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The Perfect Boy
I had been there the day Jessie swore he would climb all the way to the top of the water tower and spray paint Miranda’s name across it, for the whole town to see how much he loved her.
Miranda grinned with all her shiny white teeth. “I’d like to see you try,” she taunted, even though she very well knew how much Jessie loved her. That was freshman year, and because she was president of our class and he was the starting quarterback, we all thought they should go out, since that was stereotypical high school movie fashion. The rest of us sat back and watched their relationship go through its ups and downs, like a show we didn’t even have to pay for.
Those were the good days, before Jessie died.
I remember that day well, because I sat with Jessie in third period biology, and I told him he was an idiot for wanting to climb the water tower, and that Miranda wasn’t worth it anyway, because girls like her like to make guys do things for them, just so them can break up with them later and have a good story. Jessie had just laughed it off. “What do you know?” he asked, and I guess he was right, because I knew nothing about the lives of him and Miranda, just the rumors and gossip I heard about them..
When I saw it on the news the next morning before school, I was almost tempted to laugh, because I told him so. That was before the news reporter’s eyes got all huge and sad, and she said that Jessie died from the injuries he sustained when he fell from the top of the water tower. She made it sound like it was a tragic shock, but when you hit the ground from nearly 100 feet up, it’s likely that you’re going to die, unless you’re really lucky. But Jessie was only lucky on the football field when he made those amazing plays. This time, he landed wrong and broke his neck.
Now, if the day was clear and you squinted past the sun, you could see “Mira—“ scrawled in bright purple spray paint, Miranda’s favorite color, across the smooth white surface of the water tower. Somewhere between the A and the N, Jessie’s foot must have slipped, or maybe he just fell, no one knows, but he never finished writing her name. No one ever washed it off, and I think it served as a reminder of teenage stupidity.
Miranda didn’t come to school for days after Jessie died, and when she did, she was isolated and quiet. Her reaction at the funeral was maybe the scariest thing I had ever seen. She didn’t cry, like the rest of us, even though she had every right to be sobbing. She just stood there against a tree, and watched them bury the body of the boy who died trying to show his love for her. And then she turned and stared at the water tower, which you could see from the cemetery. Slowly, she smiled. It was disturbing, honestly. Jessie was dead and she was smiling in the direction of the place where he died.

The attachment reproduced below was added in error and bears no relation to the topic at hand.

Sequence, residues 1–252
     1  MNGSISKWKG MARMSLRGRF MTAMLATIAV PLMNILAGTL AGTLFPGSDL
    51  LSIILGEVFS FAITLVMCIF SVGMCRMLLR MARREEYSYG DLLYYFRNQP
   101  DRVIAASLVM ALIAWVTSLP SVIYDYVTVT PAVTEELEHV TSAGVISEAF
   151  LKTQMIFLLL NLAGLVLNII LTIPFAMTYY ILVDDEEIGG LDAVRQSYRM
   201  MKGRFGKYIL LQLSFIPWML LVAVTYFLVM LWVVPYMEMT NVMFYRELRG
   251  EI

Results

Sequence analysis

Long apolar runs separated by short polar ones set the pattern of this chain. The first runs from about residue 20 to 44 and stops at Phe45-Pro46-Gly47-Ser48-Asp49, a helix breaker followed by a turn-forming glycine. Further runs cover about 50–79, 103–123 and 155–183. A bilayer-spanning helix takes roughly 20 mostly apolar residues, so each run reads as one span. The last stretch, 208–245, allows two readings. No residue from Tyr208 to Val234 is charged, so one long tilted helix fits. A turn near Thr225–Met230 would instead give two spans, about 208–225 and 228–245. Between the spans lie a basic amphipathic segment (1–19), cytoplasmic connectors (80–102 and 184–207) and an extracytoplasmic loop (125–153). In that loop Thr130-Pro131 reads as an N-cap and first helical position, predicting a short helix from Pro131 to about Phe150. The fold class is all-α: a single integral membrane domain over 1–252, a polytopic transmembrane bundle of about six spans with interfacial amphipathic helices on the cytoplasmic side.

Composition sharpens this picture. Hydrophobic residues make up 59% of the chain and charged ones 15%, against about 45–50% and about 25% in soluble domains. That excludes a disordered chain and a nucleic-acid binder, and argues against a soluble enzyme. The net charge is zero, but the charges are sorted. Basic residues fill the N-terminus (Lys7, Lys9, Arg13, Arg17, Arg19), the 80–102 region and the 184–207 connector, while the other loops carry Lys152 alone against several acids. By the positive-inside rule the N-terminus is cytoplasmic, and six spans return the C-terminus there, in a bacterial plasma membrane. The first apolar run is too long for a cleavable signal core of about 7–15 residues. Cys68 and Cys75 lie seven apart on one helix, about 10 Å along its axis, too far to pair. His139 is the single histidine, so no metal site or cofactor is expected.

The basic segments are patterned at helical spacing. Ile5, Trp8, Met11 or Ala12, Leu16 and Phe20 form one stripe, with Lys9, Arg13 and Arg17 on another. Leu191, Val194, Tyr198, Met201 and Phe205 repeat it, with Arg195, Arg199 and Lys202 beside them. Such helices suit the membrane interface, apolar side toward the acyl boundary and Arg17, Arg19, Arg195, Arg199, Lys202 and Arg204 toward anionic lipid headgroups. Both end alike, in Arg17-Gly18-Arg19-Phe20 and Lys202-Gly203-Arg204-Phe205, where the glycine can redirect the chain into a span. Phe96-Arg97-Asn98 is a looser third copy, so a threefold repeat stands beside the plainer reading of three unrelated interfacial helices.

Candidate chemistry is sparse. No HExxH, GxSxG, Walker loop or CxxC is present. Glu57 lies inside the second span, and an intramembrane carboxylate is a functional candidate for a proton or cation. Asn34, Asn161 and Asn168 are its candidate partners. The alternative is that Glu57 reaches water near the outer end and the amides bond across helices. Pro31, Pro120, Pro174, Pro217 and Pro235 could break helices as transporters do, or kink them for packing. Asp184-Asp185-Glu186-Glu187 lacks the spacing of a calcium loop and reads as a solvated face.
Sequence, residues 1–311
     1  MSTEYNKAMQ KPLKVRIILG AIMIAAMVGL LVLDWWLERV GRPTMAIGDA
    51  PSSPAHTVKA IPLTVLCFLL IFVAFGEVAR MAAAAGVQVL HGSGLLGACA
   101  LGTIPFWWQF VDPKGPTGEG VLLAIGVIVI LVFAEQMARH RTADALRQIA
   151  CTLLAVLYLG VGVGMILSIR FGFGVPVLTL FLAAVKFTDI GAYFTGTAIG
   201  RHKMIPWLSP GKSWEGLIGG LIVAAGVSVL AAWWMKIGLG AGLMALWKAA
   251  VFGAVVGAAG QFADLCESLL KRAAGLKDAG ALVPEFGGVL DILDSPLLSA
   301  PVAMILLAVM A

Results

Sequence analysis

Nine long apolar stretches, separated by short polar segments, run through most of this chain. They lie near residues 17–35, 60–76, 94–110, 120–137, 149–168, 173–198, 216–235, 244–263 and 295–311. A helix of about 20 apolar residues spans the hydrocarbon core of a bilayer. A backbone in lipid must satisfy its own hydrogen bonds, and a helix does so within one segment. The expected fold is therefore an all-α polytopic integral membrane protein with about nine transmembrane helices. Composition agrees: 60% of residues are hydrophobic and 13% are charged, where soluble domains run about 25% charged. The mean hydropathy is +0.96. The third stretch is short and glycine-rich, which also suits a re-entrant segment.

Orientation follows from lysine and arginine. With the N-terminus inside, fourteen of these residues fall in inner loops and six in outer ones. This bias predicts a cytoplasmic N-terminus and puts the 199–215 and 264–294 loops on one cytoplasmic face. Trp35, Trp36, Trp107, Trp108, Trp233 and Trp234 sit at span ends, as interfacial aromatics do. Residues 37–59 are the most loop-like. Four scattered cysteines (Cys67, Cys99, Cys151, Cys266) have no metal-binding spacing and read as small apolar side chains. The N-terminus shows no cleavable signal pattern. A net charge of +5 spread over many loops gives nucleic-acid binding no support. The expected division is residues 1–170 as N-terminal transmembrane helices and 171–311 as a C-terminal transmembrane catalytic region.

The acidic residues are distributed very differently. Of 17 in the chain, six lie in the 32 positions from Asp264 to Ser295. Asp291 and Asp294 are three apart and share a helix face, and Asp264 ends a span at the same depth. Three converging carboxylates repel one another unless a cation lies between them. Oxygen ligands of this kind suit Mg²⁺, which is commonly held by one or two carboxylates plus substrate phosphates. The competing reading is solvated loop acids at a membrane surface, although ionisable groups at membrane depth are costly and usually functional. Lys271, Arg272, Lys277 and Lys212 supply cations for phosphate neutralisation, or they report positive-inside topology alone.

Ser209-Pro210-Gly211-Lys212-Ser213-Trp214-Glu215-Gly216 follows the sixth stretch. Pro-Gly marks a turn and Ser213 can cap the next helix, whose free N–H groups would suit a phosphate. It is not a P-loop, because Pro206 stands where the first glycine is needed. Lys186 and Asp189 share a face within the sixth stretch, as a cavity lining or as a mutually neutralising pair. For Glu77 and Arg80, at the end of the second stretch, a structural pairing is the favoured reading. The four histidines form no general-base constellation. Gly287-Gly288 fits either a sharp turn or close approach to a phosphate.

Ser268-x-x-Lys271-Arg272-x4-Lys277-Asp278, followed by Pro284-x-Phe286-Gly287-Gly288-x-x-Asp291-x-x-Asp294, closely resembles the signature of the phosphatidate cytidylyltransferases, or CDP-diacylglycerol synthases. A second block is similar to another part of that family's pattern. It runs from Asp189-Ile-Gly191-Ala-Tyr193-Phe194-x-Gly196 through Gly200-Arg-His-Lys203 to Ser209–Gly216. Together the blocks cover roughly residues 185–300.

Someone, definitely not me, finally gathered the courage to ask Miranda why she had been smiling at her boyfriend’s funeral. At school, she still acted like she was affected by the tragedy, and once I found her crying by the bathrooms after lunch, but at the funeral, it was like it was all a joke, a simple game to her.
“I was just thinking . . .” she began, tucking a strand of dark hair behind her ear, enjoying the attention. “Jessie died ‘cause he was writing my name on the tower. I was just wondering, if there would ever be any other boy like him. If anyone will ever finish writing my name up there.”
“But Jessie died trying,” Anna pointed out, her voice hushed. “Aren’t you afraid that the next guy who tries will die too?”
Miranda’s eyes, dark to match her hair, sparkled. “Jessie said he would be the perfect boy and write my name on the water tower. But he didn’t finish, so maybe he’s not the perfect boy. Whoever can successfully do it will be.”
“But what if no one can do it?” one of the boys asked, obviously wishing he would be the perfect boy for Miranda, but not having the guts to even go near the tower.
We caught Miranda’s reflection in the windows of the cafeteria, and saw how beautiful she was. The kind of beauty that a boy would be willing to die for.
“I’ll wait.” Miranda smiled slyly, and I don’t think I was the only one who winced at the cold laugh in her words.
That night I went to Dave’s house with everyone else, and sat around the bowl of popcorn and listened to them talk about Miranda.
“Maybe I’ll do it,” Dave said gallantly, and his twin sister, Anna, gasped and grabbed his arm.
“Are you stupid? No one is gonna be able to climb that thing. Look at it sometime— the steps on the ladder are so tiny, and it looks like it would split if you step on it. And at the top, you have to let go of the ladder of be able to write anything, and just hold onto the railing. And it’s totally illegal, you know. If Jessie hadn’t died trying, he would have gotten arrested for spray painting up there.”
“Dude, if Jessie couldn’t do it, you can’t. None of us can.”
There was a long moment of silence, as we thought about Jessie, good-looking, strong, popular Jessie, and wondered how this could have happened to him. We could sit around and wish we had stopped him from climbing it, but that was no use because he was already dead.
“It’s just Miranda, anyway,” someone else added from back by the fireplace. “Yeah, she’s hot, but is she worth dying for?”
“Well, we saw what happened to Jessie. Maybe if we did everything differently . . . like didn’t stand on the rail . . . maybe we could do it.”
“It’s just dumb.” Anna shook her head. “Plain stupid, if you ask me. Miranda doesn’t even care about any of you idiots. She just wants to mess with you and then sit back and watch as you kill yourselves over her. The girl is freaking psychotic.”
“You’re jealous,” her brother retorted, and that weekend, he was the first to attempt to climb the tower and win Miranda’s “perfect boy” award.
I couldn’t bear to watch it, but Anna and everyone else went to see if he could do it, and later told me everything that happened. Dave was armed with a bottle of purple spray paint and a plan to do things differently than Jessie had, and set out in the dead of night. The cops had been keeping a close eye on the tower since Jessie died.